System Stability & Moving Back To XFCE

One thing that I really hate, and I don’t use that word very often while describing my computer preferences, is system crashes. It’s one of those things; just unacceptable to me. You’re working on something important, and all of a sudden, the DE (Desktop Environment) decides that it needs to restart itself, and you lose all of your windows, terminals and most importantly, context. Coming back from there is a 15-minute process in itself; logging back again, starting the browser, IDE, terminals, entering virtual environments, running test servers and so on. As you can tell, it can escalate from slight inconvenience to very frustrating in little time.

When I got my new laptop back in May, I decided to switch away from XFCE. To be honest, I did try installing XFCE but couldn’t due to some issue starting the DE. Since this was a fancier laptop with better hardware, I assumed I can afford running a somewhat heavier DE for a better user experience (and my colleagues’ Macbooks constantly reminded me that I’m using an ancient (looking) DE). I did some research and was split between KDE and GNOME 3.

So the initial impressions of GNOME 3 were not very convincing (not that this was the first time I tried GNOME 3 anyway). I never liked the gesture-like way of accessing windows and quick menu. I’m more of a click-click person. But I decided to stick with it and see how it goes, customizing whatever that I can. So after that, things went uphill for a while. The more I used GNOME, the more I started to appreciate it. I brought back the ‘conventional’ application menu, quick access bar on the left side with an extension called Dash to Dock, Pomodoro and a bunch of widgets for the top bar (which by default is mostly empty).

A few issues persisted from the beginning. The most important one was memory and CPU usage. I looked up and concluded that it is a general problem and not just my laptop. The problem is not just the high usage of system resources (which is even a good thing if you trust the kernel). Problem is when you see gnome-shell constantly use one CPU even while idling and 500MB-1GB of data just after startup. Now, due to this, I was constantly facing situations when the RAM would go over 90% and the system would start to lag. This was serious, but this wasn’t the worst part.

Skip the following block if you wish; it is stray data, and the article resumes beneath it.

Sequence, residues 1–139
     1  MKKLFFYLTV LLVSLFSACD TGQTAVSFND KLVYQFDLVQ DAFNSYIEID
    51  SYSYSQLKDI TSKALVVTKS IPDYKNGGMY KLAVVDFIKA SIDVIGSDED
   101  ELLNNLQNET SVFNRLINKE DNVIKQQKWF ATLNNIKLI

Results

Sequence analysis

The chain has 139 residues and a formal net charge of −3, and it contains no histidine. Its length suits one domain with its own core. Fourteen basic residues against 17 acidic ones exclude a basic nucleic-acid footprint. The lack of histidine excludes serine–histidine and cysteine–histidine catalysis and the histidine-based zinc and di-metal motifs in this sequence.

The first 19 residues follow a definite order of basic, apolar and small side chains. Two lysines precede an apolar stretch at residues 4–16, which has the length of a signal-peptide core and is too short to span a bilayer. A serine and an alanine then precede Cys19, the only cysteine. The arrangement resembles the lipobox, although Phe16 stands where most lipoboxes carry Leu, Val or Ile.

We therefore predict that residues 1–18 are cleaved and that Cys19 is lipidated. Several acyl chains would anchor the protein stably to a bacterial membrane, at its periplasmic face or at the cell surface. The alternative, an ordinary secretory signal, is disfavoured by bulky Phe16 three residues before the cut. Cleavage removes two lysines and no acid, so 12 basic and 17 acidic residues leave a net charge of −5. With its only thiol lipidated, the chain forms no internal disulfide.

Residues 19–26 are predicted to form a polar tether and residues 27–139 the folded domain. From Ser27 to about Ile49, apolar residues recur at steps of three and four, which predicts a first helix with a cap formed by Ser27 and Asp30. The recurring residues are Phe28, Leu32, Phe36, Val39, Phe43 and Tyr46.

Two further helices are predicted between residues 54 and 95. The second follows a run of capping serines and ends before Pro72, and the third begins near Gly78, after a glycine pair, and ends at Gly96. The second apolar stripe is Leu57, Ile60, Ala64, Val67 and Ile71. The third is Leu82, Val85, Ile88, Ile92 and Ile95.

I could’ve lived with a (little) laggy system, a system that lags while opening the app drawer, for example (tip: create shortcuts to all the apps that you frequently use to avoid GNOME 3’s app drawer altogether), but the DE would also crash all of a sudden, wasting my time re-spawning everything. And it was especially bad when it happened during my work hours. That was a deal breaker. I tried to debug it, but couldn’t convince myself to spend more time on it as it wasn’t making a lot of sense. I installed XFCE, made it work and it felt like I’m back home to my countryside house from a vacation in the city. Felt good.

In conclusion, I think I’m biased here. I had a preconceived notion about GNOME 3, and I might have fallen for that. Maybe GNOME 3 is objectively better at many things that my bias didn’t let me see. Don’t get me wrong. GNOME 3 is a wonderful DE, and for someone who values the bells and whistles that come with GNOME (I had three finger and four finger gesture support for once in my life. Thanks, GNOME) I think it is a perfect choice. For me, however, system stability is way too important than any secondary convenience feature.

An interesting thing I saw Mac OS users do was that they used to always suspend their machines, not shutting them down often. I wanted to do that since forever, just close the lid and be done with it. I never could do that on my old laptop because new issues would creep in after resuming from suspended state (failure to connect to wifi, display staying all black, USB ports not working etc to name a few). No such issue is present on my Thinkpad, and as a result, I suspend it in between use and at night. The system is rock solid, even at heavy loads. As an enthusiast, it gives me a lot of pride in mentioning my last shutdown was nearly ten days ago.

22:00:09 up 9 days, 11:17, 1 user, load average: 0.84, 0.58, 0.59

I’m sure a lot of you reading this can relate to the pride of showing off uptimes and talking about system stability, or the joy of keeping your car running in top notch condition after years with proper service and care! This is similar. Hope you found this interesting. Thank you for reading.